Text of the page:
Feeling frightened? Say so. A new study finds that speaking your emotions out loud can help you confront your fears.
People who fear spiders are less distressed upon approaching a large, hairy tarantula when they say, out loud, that they're afraid. Voicing fear was a more effective tactic at banishing it than the soothing self-talk ("That little spider can't hurt me") more often used when people confront their phobias, researchers reported.
"This is unique because it differs from typical procedures in which the goal is to have people think differently about the experience — to change their emotional experience or change the way they think about it so that it doesn't make them anxious," study researcher Michelle Craske, a psychologist at the University of California, Los Angeles, said in a statement. "Here, there was no attempt to change their experience, just to state what they were experiencing."
Fear the spider
The researchers tested fear in a real-world scenario, asking 88 volunteers who feared spiders to sit in front of a clear container holding a live tarantula. A quarter of the volunteers were asked to simply name their emotions as they watched the spider. A representative response was, "I'm anxious and frightened by the ugly, terrifying spider." [What Really Scares People: Top 10 Phobias]
The second group of volunteers were told to calm themselves with words, saying out loud things like, "That little spider can't hurt me; I'm not afraid of it." A third group chatted about something irrelevant to the spider and their fears, and the fourth group said nothing at all.
A week later, the same participants came back and were taken to meet the tarantula face-to-face in an outdoor setting. They were told to get as close as they could stand to the spider, and to touch it with a finger, if possible. As the anxious participants did so, the researchers measured their distress and the sweatiness of their palms, a measure of fear. They also recorded how close the volunteers got to the spider.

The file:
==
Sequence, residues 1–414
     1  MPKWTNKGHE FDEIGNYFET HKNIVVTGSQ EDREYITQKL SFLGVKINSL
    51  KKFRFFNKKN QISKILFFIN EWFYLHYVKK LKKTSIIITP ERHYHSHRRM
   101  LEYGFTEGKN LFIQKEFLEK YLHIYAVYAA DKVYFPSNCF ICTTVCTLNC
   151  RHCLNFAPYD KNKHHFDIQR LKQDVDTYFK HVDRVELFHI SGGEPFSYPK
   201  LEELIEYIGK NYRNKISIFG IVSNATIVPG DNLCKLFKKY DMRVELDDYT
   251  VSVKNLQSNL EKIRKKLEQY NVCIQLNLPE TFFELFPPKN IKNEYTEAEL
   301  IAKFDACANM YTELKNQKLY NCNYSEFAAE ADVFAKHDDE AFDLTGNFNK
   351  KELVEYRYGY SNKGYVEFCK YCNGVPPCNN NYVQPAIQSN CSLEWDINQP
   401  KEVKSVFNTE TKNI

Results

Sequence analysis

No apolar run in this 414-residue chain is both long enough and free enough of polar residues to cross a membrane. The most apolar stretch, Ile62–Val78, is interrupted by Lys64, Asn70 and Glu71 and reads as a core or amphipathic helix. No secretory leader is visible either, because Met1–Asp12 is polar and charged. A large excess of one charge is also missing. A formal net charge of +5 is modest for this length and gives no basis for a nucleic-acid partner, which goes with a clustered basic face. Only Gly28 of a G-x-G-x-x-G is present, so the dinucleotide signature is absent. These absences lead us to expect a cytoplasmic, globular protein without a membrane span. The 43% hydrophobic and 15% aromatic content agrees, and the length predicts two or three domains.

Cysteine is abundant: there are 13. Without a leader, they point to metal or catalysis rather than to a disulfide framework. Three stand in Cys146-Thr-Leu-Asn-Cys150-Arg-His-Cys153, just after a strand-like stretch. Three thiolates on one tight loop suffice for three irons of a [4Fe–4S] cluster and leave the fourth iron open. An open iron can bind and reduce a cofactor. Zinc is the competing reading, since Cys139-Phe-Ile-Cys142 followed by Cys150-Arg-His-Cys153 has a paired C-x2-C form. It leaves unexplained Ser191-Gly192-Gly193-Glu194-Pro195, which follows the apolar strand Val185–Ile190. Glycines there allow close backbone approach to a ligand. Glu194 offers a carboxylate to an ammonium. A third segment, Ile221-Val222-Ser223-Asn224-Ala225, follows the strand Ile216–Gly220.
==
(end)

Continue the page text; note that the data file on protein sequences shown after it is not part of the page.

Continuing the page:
Naming your emotions
As it turned out, the participants who frankly stated their spider fears a week before were able to get closer with less distress than the other three groups.
"If you're having less of a threat response, which is indicated by less sweat, that would allow you to get closer; you have less of a fear response," study researcher Matthew Lieberman, a UCLA professor of psychology and psychiatry, said in a statement. "When spider-phobics say, 'I'm terrified of that nasty spider,' they're not learning something new; that's exactly what they were feeling — but now instead of just feeling it, they're saying it. For some reason that we don't fully understand, that transition is enough to make a difference."
In fact, the more negative words the subjects used to describe their feelings about the spider, the closer they were willing to get to it and the less their hands sweated.
"The implication is to encourage patients, as they do their exposure to whatever they are fearful of, to label the emotional responses they are experiencing and label the characteristics of the stimuli — to verbalize their feelings," Craske said, adding that rather than teaching them something new, that verbal action somehow helps to dissipate those fears. "That lets people experience the very things they are afraid of and say, 'I feel scared and I'm here.' They're not trying to push it away and say it's not so bad. Be in the moment and allow yourself to experience whatever you're experiencing."
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Stephanie Pappas is a contributing writer for Live Science, covering topics ranging from geoscience to archaeology to the human brain and behavior. She was previously a senior writer for Live Science but is now a freelancer based in Denver, Colorado, and regularly contributes to Scientific American and The Monitor, the monthly magazine of the American Psychological Association. Stephanie received a bachelor's degree in psychology from the University of South Carolina and a graduate certificate in science communication from the University of California, Santa Cruz.